Top positive review
113 of 119 people found this helpful
Best price/performance CPU (at this time)
on 11 August 2013
Last year I previously purchased an AMD FX6100 CPU, not unhappy with that choice at all, but a re-build of another PC gave me a chance to try the newer 6300 processor, so I'll compare that to the older one. The old FX was also good bang per buck (initial price was too high) With recent price cuts the 6300 moves into a bargain price bracket for a hexacore processor
The updated piledriver processors, are revisions of the original bulldozer processors and initially I didn't expect a notable gain in performance overall, however real world it's proved quite a strong processor even more so than the 6100.
My pros and cons list:
+ Bang per buck, in the sub £100 CPU category this is unmatched in terms of performance at this price point
+ Easy to overclock, even more so than the 6100 (slightly better power consumption) unlocked as all FX cpu's are
+ Single threaded performance improved over bulldozer (in some cases quite a bit but Intel still rule here)
+ Faster than a 125w 6200 CPU, yet with lower clock speeds! In some cases it beats the old 8120 FX cpu
+ Undervolts very well (if you are into quiet computing)
+ Excellent multi threaded performance
+ Easy to cool (but get a better heatsink/fan)
- Standard stock cooler is actually identical to the Athlon II 65W CPU's, and a fair bit smaller than the original 6100 FX cooler, plan on getting another heatsink/fan if you're overclocking
- Still mixed performance in low threaded applications (though improved over the first FX series)
I'm personally much more interested in real world results than running benchmark tests suites. I do photo and video work quite often, so I dropped a HD video file into handbrake for conversion to MP4. Both the 6100 and 6300 were running at 3.5GHz.
6100 did the conversion in 9:20, 6300 in 7:38, whilst I expected a boost that was bigger than I imagined.
I found Lightroom 5 to be quicker and an uptake of around 20% in exporting raw files, again at the same clock speed. The CPU seems to cope well with image editing in a number of applications, even with larger image files of 16-24mp the FX6300 feels fast and responsive.
Games also showed an improvement, whilst I still suggest looking at the GPU first, all my games showed an improvement in fps and played smoother on the newer CPU. Passmark was around 6520 score. 7zip showed an improvement over the 6100 also around 10%
So what changed with bulldozer to piledriver?
The design of the CPU is the same as older ones, but the extra year has given AMD the chance to refine a few areas.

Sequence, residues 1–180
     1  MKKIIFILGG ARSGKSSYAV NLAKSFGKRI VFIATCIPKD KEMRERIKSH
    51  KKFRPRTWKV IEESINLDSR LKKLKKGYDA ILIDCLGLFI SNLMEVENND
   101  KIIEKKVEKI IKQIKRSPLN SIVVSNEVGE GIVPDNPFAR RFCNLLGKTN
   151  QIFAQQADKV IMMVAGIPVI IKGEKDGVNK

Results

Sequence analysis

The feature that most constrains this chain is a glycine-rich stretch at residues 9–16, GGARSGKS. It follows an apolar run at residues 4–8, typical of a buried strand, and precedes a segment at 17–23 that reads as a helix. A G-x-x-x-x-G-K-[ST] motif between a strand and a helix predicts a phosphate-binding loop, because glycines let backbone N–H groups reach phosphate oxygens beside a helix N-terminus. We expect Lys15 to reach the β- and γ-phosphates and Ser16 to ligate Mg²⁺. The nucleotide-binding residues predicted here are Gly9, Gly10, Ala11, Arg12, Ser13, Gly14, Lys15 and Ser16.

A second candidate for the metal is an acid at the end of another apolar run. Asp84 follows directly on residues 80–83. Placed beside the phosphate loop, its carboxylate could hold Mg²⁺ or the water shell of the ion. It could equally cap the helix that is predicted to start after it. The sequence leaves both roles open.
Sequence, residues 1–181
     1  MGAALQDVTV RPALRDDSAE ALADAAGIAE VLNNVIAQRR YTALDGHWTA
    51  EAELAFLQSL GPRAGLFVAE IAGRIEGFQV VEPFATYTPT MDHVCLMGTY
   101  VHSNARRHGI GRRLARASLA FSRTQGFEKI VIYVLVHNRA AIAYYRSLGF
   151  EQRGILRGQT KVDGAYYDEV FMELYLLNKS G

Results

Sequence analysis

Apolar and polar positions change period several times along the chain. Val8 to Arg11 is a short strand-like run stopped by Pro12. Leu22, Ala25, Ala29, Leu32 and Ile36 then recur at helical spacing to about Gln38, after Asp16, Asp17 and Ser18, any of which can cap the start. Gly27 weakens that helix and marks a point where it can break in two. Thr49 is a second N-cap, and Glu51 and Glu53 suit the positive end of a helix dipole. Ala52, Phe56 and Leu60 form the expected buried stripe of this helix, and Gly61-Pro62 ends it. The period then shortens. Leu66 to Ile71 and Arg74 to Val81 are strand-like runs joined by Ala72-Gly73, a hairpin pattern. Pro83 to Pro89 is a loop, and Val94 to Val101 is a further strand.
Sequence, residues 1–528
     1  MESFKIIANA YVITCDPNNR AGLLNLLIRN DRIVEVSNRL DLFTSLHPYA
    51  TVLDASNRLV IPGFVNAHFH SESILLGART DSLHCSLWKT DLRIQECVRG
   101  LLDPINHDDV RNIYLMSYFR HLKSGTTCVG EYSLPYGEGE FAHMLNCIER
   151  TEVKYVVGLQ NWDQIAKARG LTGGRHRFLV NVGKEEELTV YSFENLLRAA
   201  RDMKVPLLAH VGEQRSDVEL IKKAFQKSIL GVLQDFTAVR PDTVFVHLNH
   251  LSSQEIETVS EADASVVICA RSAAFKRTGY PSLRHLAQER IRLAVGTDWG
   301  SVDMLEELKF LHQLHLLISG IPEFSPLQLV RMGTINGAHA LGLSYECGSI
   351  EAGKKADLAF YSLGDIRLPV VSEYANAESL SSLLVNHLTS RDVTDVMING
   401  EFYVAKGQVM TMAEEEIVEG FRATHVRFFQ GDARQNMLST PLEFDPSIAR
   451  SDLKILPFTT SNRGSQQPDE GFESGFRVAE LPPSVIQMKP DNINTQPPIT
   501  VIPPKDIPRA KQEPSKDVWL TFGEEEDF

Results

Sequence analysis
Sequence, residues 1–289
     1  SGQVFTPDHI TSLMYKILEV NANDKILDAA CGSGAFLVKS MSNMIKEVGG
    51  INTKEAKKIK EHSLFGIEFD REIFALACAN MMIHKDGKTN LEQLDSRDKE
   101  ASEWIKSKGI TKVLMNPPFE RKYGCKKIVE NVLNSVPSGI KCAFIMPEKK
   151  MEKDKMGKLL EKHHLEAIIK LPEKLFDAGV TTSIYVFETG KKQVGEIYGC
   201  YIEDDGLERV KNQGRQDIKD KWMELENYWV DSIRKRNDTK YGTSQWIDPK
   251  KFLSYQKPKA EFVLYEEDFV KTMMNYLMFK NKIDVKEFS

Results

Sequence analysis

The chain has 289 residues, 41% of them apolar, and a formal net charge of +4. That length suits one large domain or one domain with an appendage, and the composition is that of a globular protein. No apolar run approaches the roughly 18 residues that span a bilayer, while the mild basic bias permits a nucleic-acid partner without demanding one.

+ Improved branch prediction and prefetching
+ Support for AVX1.1, FMA3, F16C, Bit Manipulation and Trailing Bit Manipulation instructions
+ Larger L1 Translation Lookaside Buffers and L2 efficiency improvements
+ Improved FPU and integer scheduling, and better branch prediction and prefetching
+ Turbo core 3
All this sounds great but does it show up in the real world? Well so far I have to say yes it does. Some areas such as the new instructions supported might not matter right now, but down the road it could have quite an impact.
AMD's FX might have had mixed receptions from some review sites, but real world you want to build a pc/upgrade to a CPU that doesn't cost a ton, has a good performance for heavier tasks. As I said in my FX6100 review, you want the performance there mostly in multi threaded software. As so few applications are single threaded nowadays it doesn't make sense to mark a CPU down that does very well for more intensive multi threaded tasks.
At this price range you can buy the FX6300 or an Intel Core i3 3220. Intel have a good processor which is well designed and efficient, but it actually costs a bit more than the AMD processor and when the meat hits the grinder the i3 is still stuck with a dual core design which just can't match the FX6300 in intensive applications. Even at stock speed it's quite a difference, the unlocked AMD is really a much better choice for bang per buck wise.
Factor in the cost of an AMD board and it becomes an even more appealing choice.
This isn't the fastest CPU out there, it's a mid level processor that's got a fairly hefty upper cut and punches well above it's weight. I've made the mistake of buying very expensive processors in the past (£200-£300+), today really in this price range I can't imagine many people being anything but very pleased with the performance of this CPU even when you are doing more demanding work. If you're building an office pc then you'll be fine with a Sempron or Athlon II dual core (plenty fast enough for that type of PC) The FX CPU is for those looking to do more demanding tasks, but not breaking the bank either.
The FX8320 would be the next step up with an extra module (2 cores) that's also a good CPU at that price too. The Intel i5's are very good but fairly expensive and they're not massively faster for some tasks (video work the 6300 runs them pretty close at times)
I'm a bit puzzled with the FX4300 CPU, it's only about £5 cheaper and with 4v6 threads just doesn't add up value wise (the CPU is fine but it's just priced all wrong)
So this now gets my double thumbs up, if you want to extract the most pound of flesh for your cash then the FX6300 is unbeatable right now.